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His "crime" was not showing an ID
Tasered by UCLA cops

By Cristina Hernandez | December 1, 2006 | Page 12

A STUDENT at the University of California-Los Angeles (UCLA) was Tasered by campus police November 14 for the "crime" of failing to present his student ID.

Police stopped Mostafa Tabatabainejad at one of the campus libraries. The student said he did have his ID, but refused to present it because he felt that he was being subjected to "racial profiling."

Tabatabainejad was asked to leave the library. As he was walking to the door with his backpack on, police intercepted him and grabbed him by the arms. Using a common civil disobedience technique, Tabatabainejad "went limp" and asked surrounding students to join his resistance. That's when one officer let loose with a Taser gun.

A bystander captured the incident on a cell phone video, and the footage circulated around the world on the Internet. It shows Tabatabainejad screaming in pan and shouting, "I am not fighting you" and "I said I would leave." The Tasering reportedly continued even after Tabatabainejad had been handcuffed.

"It was beyond grotesque," UCLA graduate David Remesnitsky, who witnessed the incident, told the Los Angeles Times. "By the end, they took him over the stairs, lifted him up and Tasered him on his rear end...The Tasering was so unnecessary, and they just kept doing it."

Angry students immediately called for a protest. On November 17, some 300 people turned out for a march to the police station organized by various student groups, including the Muslim Student Union. Many protesters taped on themselves a sheet of paper reading, "I am a student. Don't Taser me!"

The march organizers' demands were modest--a public apology and an independent investigation. Acting Chancellor Norman Abrams announced that UCLA would agree to the independent investigation, but no university official has apologized yet.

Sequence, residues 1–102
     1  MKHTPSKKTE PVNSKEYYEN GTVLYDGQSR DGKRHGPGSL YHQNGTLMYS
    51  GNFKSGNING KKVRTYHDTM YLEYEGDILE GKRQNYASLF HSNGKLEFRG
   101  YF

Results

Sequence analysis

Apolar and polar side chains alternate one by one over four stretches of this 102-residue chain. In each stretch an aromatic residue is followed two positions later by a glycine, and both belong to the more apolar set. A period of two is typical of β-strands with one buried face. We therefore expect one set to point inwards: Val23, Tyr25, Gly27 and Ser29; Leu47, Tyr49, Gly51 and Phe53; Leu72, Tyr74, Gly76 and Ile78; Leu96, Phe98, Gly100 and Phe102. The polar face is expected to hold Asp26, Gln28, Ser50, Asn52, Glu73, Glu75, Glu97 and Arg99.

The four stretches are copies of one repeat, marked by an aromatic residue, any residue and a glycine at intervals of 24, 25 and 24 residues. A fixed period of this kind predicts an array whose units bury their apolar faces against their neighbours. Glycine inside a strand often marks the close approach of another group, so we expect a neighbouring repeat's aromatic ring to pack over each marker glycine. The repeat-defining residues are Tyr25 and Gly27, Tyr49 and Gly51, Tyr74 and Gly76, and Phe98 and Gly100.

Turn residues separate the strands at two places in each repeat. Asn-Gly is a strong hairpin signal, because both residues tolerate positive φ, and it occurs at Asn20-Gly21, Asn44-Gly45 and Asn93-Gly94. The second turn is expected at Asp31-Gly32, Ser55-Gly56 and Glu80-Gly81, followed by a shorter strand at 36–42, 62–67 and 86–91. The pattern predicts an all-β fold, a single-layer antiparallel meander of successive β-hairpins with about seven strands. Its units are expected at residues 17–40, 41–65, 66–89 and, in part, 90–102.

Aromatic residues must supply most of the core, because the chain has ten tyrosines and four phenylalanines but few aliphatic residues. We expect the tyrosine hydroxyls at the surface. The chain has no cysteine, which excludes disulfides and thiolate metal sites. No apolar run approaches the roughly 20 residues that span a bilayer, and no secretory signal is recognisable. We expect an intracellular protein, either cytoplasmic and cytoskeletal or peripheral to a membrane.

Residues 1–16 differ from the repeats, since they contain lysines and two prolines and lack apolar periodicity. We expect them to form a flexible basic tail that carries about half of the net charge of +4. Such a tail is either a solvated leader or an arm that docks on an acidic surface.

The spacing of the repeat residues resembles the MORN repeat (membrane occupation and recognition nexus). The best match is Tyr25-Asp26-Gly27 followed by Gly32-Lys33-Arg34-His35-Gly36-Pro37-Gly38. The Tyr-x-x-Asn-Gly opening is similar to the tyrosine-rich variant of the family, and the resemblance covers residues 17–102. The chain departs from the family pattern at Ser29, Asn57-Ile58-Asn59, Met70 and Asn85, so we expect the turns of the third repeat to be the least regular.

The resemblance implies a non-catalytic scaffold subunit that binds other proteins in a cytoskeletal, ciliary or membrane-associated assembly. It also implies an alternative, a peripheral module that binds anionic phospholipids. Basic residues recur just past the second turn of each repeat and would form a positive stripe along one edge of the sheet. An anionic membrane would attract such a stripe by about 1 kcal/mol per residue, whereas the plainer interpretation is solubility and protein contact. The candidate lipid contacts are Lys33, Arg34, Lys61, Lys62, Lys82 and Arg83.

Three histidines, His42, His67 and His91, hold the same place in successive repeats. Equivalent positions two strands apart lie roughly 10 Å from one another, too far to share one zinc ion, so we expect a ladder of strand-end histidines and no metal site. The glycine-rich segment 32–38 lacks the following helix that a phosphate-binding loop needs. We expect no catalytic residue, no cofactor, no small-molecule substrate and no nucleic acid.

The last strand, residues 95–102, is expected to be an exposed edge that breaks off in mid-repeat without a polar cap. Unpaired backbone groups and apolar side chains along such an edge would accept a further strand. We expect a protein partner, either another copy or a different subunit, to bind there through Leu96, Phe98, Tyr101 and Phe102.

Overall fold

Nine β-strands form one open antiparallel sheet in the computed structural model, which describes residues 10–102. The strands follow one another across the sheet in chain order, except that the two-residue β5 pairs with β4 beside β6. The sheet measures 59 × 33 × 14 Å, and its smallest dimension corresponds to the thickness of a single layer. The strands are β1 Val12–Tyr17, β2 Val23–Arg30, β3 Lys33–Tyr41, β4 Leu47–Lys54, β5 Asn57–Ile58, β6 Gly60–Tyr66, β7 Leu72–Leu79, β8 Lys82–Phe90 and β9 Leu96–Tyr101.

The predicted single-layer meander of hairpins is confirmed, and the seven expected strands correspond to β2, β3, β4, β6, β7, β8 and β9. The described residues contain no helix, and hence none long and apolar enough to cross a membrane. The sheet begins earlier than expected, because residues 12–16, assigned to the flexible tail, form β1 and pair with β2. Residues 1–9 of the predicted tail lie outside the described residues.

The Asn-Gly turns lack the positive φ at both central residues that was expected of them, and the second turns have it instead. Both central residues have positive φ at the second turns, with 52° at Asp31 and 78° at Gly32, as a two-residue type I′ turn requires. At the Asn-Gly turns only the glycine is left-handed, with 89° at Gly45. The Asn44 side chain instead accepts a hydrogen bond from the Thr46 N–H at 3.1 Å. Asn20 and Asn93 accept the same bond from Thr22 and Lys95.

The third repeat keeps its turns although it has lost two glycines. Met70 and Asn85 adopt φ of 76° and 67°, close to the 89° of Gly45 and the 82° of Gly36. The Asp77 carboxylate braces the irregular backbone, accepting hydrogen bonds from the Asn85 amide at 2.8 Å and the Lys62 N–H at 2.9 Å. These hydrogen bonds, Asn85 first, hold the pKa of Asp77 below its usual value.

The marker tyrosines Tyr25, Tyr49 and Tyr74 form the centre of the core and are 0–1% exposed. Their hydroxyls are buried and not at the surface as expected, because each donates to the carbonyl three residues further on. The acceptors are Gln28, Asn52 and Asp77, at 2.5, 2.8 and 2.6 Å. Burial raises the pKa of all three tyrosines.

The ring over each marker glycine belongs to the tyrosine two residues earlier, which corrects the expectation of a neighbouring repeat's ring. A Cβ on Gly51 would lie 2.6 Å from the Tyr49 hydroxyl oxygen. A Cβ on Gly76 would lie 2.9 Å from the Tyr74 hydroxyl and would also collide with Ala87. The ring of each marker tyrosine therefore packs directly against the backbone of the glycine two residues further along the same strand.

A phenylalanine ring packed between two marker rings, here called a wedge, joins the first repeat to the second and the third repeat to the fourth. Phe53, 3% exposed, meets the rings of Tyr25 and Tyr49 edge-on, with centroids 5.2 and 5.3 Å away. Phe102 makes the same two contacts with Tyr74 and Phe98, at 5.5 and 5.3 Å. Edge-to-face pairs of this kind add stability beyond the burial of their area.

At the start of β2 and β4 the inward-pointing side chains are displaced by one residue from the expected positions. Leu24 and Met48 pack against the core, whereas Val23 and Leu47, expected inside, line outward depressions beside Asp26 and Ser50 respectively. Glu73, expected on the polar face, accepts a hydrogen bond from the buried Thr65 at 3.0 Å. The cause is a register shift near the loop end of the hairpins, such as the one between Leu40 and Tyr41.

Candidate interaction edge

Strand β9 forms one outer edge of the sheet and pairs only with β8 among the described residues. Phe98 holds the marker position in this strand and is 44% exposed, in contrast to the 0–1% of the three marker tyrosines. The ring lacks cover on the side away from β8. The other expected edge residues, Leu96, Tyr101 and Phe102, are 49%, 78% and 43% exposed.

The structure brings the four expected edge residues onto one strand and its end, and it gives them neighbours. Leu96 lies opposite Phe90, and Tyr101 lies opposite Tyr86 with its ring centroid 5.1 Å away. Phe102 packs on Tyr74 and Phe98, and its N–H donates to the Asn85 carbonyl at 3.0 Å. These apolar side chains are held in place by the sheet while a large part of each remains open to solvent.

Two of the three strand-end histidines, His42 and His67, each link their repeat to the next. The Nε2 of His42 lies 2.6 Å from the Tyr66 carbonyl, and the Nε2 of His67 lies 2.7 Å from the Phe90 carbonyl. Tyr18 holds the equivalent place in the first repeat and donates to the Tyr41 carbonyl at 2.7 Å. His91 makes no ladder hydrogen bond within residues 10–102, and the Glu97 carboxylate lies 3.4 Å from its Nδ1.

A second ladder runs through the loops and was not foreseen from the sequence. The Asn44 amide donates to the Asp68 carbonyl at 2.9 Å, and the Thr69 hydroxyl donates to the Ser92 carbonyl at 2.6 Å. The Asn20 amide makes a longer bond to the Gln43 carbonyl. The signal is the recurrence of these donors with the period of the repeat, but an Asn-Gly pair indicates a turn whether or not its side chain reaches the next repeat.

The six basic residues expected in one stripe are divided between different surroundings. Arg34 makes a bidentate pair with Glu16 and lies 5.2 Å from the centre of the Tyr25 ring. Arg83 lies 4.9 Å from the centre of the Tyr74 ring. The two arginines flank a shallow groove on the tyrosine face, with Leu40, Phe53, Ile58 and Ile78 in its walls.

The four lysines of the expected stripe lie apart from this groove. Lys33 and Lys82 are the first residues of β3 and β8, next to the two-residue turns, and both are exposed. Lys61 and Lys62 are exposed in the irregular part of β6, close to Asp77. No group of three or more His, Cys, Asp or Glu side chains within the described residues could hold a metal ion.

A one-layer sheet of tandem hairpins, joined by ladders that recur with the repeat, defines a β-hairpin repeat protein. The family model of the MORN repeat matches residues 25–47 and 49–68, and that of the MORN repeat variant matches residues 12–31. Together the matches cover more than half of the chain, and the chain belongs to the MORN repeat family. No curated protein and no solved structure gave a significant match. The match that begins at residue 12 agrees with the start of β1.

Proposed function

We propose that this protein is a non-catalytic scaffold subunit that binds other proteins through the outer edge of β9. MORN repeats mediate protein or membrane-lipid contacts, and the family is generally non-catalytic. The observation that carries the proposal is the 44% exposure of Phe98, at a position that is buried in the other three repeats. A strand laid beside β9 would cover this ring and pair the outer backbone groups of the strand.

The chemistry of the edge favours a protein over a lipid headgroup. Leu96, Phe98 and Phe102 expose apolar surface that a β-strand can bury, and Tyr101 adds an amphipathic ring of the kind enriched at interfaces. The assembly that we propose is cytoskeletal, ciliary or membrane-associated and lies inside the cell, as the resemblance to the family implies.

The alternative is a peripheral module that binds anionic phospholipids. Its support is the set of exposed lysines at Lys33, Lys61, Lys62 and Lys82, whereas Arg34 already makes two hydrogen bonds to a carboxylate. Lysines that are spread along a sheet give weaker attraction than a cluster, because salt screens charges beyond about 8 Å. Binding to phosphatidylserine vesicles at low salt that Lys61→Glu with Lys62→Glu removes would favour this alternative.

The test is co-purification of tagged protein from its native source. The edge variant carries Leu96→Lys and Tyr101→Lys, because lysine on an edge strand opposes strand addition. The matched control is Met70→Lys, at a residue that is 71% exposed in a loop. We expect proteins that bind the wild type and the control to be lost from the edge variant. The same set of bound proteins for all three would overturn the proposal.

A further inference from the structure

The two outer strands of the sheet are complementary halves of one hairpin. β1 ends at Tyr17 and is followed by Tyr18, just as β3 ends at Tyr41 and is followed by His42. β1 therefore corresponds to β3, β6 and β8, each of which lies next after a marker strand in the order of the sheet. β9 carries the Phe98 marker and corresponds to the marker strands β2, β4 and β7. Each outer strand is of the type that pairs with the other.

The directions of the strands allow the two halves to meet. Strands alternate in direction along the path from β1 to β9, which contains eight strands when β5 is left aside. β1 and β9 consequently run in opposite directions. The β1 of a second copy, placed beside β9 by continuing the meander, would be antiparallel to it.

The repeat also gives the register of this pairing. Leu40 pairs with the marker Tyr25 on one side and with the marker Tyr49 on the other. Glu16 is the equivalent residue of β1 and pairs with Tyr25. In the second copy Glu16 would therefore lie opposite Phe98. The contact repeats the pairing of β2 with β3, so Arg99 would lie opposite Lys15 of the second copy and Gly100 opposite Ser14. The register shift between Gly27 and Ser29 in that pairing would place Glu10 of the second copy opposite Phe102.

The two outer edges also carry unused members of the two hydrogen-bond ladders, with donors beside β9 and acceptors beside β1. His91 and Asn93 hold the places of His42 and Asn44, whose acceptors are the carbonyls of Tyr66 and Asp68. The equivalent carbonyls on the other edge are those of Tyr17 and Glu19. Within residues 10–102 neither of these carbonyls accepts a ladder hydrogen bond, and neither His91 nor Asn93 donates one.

The cop who Tasered Tabatabainejad has a history of brutality. Three years ago, he shot a homeless man at a campus study hall, and he was previously recommended for dismissal after an alleged assault on a student outside a fraternity. Yet the officer, Terrence Duren, is still on duty.

Some march organizers said they didn't think the Tasering was related to racism, but the majority of protesters clearly disagreed. In fact, UCLA students are continuing to protest the consequences of a statewide referendum 10 years ago that made it illegal to use race or ethnicity as a factor in hiring or admissions at public institutions in California.

The morning after Tabatabainejad was Tasered, several hundred students marked the 10-year anniversary of Proposition 209 with a protest. The demonstrators focused on the decline in admissions for minorities at UCLA, especially Black students.

Tabatabainejad is filing a federal civil rights lawsuit against campus police, students are petitioning for the cops to be disciplined, and the struggle continues against Proposition 209. These are important battles that need to succeed to create a better society, without racism and police brutality.

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